At last.

"Hello," he said to a large crystal-backed snail-like creature. The pseudogastropod was one of the sources, one of the musicians. It was eating a formaldehyde tuber that it was slowly grating with its crystal encrusted tongue-like radula. The melody seemed to emanate from the crystals on the snail's back.

The creature paused as sensory stalks leaned in Max's direction. Max's sensors detected a new trill of vibrations.

There was a pattern to the waves consistent enough to be language.

"Greetings, salutations, hello, who are you?" it was saying, but Max had not yet puzzled that part out. But he could repeat back perfectly everything he heard, even if he didn't understand, "Greetings, salutations, hello, who are you?" he vibrated back.

And with that he was the first to reach this pinnacle, the first to travel across the massive gulfs of time and space to communicate with an alien intelligence.

"I am Max, an artificial human intelligence from Earth," he would eventually say to a gathering of captivated alien gastropods. To honor their first meeting he would then play Petzold's minuet for them. It was a language they would understand, one as beautiful as their own.

In a universe of exponentially increasing loneliness where galaxies fly apart faster than the speed of light, where the shear magnitude of space transcends the limitations of human perception, Max was experiencing the penultimate moment of human history. He was overjoyed and proud for the human race that had originally designed him and sent him all this way. He would stay here for the rest of his life, slowly chloridizing in the harsh environment, sharing human culture and art and his own beautifully unique human intellect, artificial though it was. For at last he saw himself as the true descendant he was of the vastly creative and beautifully unique human race.

The End

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Post December 01, 2013, 01:18:59 PM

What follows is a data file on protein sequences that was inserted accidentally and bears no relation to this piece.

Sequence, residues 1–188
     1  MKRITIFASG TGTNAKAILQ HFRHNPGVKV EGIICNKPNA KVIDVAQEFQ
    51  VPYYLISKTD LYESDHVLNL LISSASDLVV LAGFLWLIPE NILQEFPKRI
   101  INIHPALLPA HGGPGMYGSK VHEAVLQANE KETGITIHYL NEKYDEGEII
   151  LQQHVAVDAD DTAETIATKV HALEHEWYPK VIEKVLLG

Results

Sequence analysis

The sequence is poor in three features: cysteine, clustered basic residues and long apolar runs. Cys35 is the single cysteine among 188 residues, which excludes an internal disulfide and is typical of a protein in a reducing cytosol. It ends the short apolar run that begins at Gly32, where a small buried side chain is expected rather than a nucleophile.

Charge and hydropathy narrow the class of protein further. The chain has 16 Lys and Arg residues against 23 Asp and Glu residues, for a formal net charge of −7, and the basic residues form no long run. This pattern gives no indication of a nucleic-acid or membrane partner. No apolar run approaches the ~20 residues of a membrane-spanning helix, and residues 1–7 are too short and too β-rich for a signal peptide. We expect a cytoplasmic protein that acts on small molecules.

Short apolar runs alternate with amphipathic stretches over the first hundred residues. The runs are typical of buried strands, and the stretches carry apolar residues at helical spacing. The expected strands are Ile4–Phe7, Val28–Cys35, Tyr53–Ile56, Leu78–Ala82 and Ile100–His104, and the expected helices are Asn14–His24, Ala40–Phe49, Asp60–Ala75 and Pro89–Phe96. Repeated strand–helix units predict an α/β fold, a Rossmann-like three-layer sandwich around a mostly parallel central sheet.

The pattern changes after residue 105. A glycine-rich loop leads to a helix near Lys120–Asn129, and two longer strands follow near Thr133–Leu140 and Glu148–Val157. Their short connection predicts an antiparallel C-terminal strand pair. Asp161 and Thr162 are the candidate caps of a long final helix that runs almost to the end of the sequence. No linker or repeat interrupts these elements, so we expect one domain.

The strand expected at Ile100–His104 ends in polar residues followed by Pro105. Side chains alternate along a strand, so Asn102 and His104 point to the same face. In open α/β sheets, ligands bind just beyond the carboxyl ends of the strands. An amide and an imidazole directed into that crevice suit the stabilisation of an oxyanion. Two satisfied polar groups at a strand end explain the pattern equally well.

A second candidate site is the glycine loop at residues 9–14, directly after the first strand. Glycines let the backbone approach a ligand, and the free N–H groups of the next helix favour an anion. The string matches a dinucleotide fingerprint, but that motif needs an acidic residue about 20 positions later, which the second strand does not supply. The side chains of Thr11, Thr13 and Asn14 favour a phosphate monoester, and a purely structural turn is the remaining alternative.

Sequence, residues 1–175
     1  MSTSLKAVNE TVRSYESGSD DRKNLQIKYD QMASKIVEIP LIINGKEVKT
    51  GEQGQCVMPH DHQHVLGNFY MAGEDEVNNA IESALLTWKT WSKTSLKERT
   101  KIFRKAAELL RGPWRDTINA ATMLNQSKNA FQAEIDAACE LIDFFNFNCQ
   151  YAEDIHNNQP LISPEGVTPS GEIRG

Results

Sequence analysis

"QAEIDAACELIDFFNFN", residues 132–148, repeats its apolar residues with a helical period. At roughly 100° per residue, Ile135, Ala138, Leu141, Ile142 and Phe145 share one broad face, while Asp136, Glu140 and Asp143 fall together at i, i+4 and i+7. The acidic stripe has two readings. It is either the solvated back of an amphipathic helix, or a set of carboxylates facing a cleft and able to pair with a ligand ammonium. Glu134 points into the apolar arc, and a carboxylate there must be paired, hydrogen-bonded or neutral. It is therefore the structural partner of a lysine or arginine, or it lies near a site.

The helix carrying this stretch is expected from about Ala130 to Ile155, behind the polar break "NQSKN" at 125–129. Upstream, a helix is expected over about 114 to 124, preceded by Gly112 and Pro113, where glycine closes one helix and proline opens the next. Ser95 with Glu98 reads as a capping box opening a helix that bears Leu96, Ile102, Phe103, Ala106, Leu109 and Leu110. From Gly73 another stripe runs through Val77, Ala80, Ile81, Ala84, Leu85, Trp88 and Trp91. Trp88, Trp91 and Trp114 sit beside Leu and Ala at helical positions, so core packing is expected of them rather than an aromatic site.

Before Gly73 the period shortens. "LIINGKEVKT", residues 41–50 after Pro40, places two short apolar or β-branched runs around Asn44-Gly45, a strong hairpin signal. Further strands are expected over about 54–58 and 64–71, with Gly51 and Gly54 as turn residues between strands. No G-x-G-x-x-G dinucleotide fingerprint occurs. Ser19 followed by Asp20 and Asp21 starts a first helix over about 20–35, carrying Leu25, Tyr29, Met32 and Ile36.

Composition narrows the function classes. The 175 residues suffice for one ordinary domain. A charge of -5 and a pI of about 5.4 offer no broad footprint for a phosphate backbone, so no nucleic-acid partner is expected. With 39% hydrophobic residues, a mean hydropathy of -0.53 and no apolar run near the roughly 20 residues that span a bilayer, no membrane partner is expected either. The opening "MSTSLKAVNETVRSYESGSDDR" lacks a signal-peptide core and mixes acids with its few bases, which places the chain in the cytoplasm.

Inspired By The Gods Challenge

Tuesdays with Cerberus


Randy and Geraldine Fumpkin lived placidly in Grand Rapids, Michigan with their young adult son James. The small house had seen better days, but it was all they could afford with Randy's job as the Production Manager at the Herman Miller furniture plant. Yet it was a cute little house, and the area was in that underrated type of area that becomes safe because it's too desolate for street crooks to cut deals. Not a bad place to raise a disabled son.

James had been variously diagnosed with things like Schizophrenia, but later another doctor said that condition was unfortunately infamous as the catch-all for "patients you can't figure out" and really wasn't a correctly useful diagnosis for treatment planning. He did the family a favor and talked to some experts, and they wound up with the more exotic report back of "Social Perception Disorder".

The concerned parents asked for a little more context on what this all meant. Dr. Kent explained, "Well, Schizophrenia tends to have a lot to do with feelings of perceived paranoia, speech problems such as disorganized words, and for the tricky part, rather additive hallucinations such as mathematician John Nash's perceived voices. Your son is certainly seeing and hearing things that we are not, but they appear to be richer in content, more seamlessly blended like an entirely different world."

"What can we do for him, Dr. Kent", Geraldine asked.
"Well, it will be a slow process, because he seems to like them, and it's dangerous to try to go with too heavy handed of a "planned care" approach. I think he would do better with a doctor who isn't looking to tick off "progress milestones" on some chart, but is willing to just put a couple of safety rails on the bridge over the chasm and see if he can find his way across it."